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Why Investors Must Look At Small-Cap Stocks

Stocks

Many investors have been largely focusing on large-cap stocks and commodities due to their impressive performance in recent times. But unbeknownst to them, they have been missing out on some huge small-cap opportunities.

Small-caps have been quietly outperforming in the background and taking out new highs thanks to Trump’s tax bonanza and regulatory reform.

Small company stocks as a group have comfortably outperformed their bigger brethren this year with the Russell 2000 Index flashing an 11.2 percent year-to-date return compared to just 3.5 percent by S&P 500 and a 0.25 drop by the Dow Jones Industrial Average (which consists of large industrial bellwethers).

Russell 2000 is now only a couple percentage points off its all-time high.

Russell 2000 Index vs. S&P 500 Index YTD Returns

Source: CNN Money

Small-Caps for Volatile Times

While large-caps are great for stabilizing a portfolio and for their juicy dividends, small-caps are like the Energizer Bunny, maintaining stamina when the economy slows down and the heavyweights start huffing and puffing.

And now JP Morgan is advising us to buy small-caps for something a bit different--as protection against trade wars.

The giant bank says these stocks are shielded from the escalating risk of trade wars and attendant dollar volatility which tend to ravage large companies. In fact, a good chunk of the small-cap rally this year has come courtesy of a flight to safety by investors who are wary about geopolitical concerns, tariff issues and trade war threats between the U.S. and its trading partners. Large-caps have much higher international exposure compared to small-caps, which are much more U.S.-centric.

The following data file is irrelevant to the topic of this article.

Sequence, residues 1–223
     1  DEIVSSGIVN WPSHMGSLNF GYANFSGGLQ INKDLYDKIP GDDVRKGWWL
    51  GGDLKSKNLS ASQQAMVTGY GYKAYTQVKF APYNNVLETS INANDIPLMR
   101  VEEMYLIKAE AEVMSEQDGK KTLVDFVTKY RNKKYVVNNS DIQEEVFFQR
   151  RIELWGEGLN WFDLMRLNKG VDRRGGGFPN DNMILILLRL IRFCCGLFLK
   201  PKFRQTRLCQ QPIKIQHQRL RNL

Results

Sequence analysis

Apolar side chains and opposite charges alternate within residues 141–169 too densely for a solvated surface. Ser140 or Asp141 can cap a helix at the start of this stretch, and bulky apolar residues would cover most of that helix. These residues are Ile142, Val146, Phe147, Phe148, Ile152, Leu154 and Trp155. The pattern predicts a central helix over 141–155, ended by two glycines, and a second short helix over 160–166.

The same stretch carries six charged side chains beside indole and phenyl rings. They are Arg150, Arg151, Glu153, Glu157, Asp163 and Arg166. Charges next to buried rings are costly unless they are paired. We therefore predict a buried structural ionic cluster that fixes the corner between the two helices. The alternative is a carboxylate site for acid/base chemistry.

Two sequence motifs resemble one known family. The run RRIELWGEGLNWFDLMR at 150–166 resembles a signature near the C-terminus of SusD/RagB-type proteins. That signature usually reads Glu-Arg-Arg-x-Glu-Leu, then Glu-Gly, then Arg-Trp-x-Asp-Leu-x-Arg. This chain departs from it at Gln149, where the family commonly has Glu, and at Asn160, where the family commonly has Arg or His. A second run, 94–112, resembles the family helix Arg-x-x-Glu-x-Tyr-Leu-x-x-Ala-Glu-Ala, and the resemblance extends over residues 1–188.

JP Morgan’s piece of advice might sound a bit counterintuitive when you consider that the U.S. economy is expected to slow down from a 2.8 percent GDP growth in 2018 to just 2.0 percent in 2020. In fact, Boris Schlossberg, MD of foreign exchange strategy at BK Asset Management thinks that the small-cap frenzy is likely to be just a temporary thing.

Historical evidence, however, seems to be in JP Morgan’s favor.

The Russell 2000 has been leaving the S&P 500 in the dust over the past four decades during periods of economic turbulence, recessions and financial crises. It managed to outperform the large-stock benchmark by 80 percent in 1979-1983, 50 percent in 1990-1994 and 114 percent in 1994-2014. Related: 4 Reasons Why Gold Investors Should Keep A Cool Head

Large-caps, on the other hand, have gained the upper hand during periods of economic expansion, beating their lightweight peers in 1983-1990 (91 percent) and 1994-1999 (93 percent). Since early 2014, the U.S. economy has been on the ascendancy thus helping the S&P 500 beat the Russell 2000 once again.

Further in support of small-caps, their tendency to underperform during economic expansions is by no means set in stone. Small caps outperformed the broad-market by quite a wide margin during the 2003-2007 economic expansion, though admittedly it was shorter than previous expansion cycles.

Small-Cap ETFs

Other than trade wars, JP Morgan recommends buying small-caps as a catch-all trade for the current reflationary environment.

You can gain exposure to the small-cap sector by buying the iShares Russell 3000 ETF(IWM) - with a year-to-date return of 10.8 percent.

Some of its top holdings include online food ordering company GrubHub whose stock is up 59 percent; Aspen Technology (44.7 percent) and cancer diagnostics company Exact Science (31 percent).

By Alex Kimani for Safehaven.com

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